ECONOMIC uncertainty remains across Milton Keynes as difficult trading environments battle cautious optimism, according to the results of Milton Keynes Chamber of Commerce’s latest Quarterly Economic Survey.
Covid-19 continued to affect local companies in the last three months of 2021. Manufacturing faced supply chain shortages and hiring difficulties as inflationary pressure continued to mount.
However, the local service sector remained upbeat with an escalation in new orders both domestic and overseas driven mostly by improved market conditions through a sustained lifting of restrictions and a loosening of limits on international travel.
Almost a third of firms in the services sector increased their workforce in the final months of the year and many expect their teams to remain constant in the first three months of 2022.
Orders from UK firms increased as Covid restrictions were eased, with 46 per cent of survey respondents reporting a rise in sales. Manufacturers said that their order books had either remained steady or increased compared to the previous quarter.
Business confidence is slowly improving for manufacturing, with a large majority of businesses suggesting that they expect turnover to increase in the coming 12 months. But many expect a fall in profitability.
The services sector remains upbeat, forecasting that both turnover and profitability will increase in the coming 12 months.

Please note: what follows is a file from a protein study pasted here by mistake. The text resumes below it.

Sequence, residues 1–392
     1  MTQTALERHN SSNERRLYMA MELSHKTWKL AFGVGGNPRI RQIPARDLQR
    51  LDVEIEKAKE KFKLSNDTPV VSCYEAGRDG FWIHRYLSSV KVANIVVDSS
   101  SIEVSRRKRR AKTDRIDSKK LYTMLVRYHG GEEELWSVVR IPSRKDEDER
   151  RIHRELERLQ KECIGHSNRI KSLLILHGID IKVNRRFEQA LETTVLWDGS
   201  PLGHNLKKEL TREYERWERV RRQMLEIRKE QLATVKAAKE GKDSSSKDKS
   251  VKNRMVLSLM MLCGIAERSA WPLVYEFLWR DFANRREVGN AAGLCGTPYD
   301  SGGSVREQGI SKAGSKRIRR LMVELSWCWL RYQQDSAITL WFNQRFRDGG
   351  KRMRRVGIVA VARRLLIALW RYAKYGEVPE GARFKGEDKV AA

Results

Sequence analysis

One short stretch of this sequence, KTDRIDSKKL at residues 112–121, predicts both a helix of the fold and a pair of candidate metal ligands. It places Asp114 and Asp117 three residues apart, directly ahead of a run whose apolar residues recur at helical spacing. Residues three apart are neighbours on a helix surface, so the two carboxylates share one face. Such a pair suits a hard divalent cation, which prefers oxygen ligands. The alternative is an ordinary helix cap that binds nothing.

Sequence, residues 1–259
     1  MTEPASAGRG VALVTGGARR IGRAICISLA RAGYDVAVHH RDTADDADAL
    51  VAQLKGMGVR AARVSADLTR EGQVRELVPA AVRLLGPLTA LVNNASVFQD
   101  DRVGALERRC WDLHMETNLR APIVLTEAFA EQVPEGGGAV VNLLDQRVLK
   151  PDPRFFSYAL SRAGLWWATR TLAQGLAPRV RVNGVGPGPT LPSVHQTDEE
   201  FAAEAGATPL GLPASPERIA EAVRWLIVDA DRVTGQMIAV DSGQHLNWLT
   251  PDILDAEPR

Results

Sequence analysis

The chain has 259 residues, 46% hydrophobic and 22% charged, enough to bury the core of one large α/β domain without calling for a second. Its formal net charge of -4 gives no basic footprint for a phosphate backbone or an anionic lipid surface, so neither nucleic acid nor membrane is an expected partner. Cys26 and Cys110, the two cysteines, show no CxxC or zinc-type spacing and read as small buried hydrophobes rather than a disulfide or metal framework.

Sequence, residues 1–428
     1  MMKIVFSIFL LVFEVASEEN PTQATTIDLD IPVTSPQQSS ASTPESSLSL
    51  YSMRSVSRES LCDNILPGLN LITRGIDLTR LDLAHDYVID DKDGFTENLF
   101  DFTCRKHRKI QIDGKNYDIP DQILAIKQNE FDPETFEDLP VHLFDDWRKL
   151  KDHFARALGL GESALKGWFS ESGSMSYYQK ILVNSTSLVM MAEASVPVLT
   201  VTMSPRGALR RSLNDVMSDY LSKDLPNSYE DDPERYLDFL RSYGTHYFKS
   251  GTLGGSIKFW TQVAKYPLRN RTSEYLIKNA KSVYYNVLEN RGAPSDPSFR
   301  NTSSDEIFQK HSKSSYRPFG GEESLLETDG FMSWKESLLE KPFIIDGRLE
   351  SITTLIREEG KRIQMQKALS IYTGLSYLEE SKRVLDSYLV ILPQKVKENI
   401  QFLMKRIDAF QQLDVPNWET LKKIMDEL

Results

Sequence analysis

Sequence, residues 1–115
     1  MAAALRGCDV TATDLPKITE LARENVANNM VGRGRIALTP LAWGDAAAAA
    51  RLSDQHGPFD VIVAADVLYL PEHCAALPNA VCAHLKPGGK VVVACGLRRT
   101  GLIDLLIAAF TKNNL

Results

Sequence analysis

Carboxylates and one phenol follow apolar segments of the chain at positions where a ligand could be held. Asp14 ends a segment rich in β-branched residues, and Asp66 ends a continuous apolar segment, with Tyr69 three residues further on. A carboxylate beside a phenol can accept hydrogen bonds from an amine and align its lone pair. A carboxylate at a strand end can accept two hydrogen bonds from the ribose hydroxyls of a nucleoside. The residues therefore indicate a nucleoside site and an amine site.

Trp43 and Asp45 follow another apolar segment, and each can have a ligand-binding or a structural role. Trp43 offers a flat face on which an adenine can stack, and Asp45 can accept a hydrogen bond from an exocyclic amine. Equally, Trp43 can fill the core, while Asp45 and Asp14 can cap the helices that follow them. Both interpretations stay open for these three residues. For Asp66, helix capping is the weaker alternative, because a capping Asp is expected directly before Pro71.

Milton Keynes Chamber policy officer Sean Rose said: “We find ourselves in a familiar situation with Covid-19 case rates rising due to the emergence of the Omicron variant and another bout of restrictions being put in place to curb its spread.
“This will undoubtedly raise concerns among local businesses on how rising case rates domestically and overseas could impact demand levels, exacerbate any current labour/supply shortages and further price pressures. However, the impacts could be short-lived if the new variant is efficiently brought under control.”
Many businesses have continued to be significantly impacted by ongoing supply chain issues, as well as increased raw material costs and longer lead times which appears to be having a subsequent impact on cashflow levels, the Chamber adds.
The overseas orders uptick for the services sector is in line with the national outlook for exports after the loosening of travel regulations. Despite this increase, manufacturing firms are not seeing similar post-Covid highs and all sectors reported that overseas orders both current and advanced remained constant or decreased when compared to Q3.
The Chamber says the difficult export environment may be due to reports of weaker demand from China and disruption to EU trade, partly due to ongoing complications with the EU transition. Overseas orders may have been cancelled due to extended lead times and supply shortages.
The QES is part of the biggest and most representative survey of its kind in the UK. QES data is used by the Bank of England to inform interest rate decisions, by the Treasury to help formulate economic policy and by international finance institutions to assess the UK’s economy.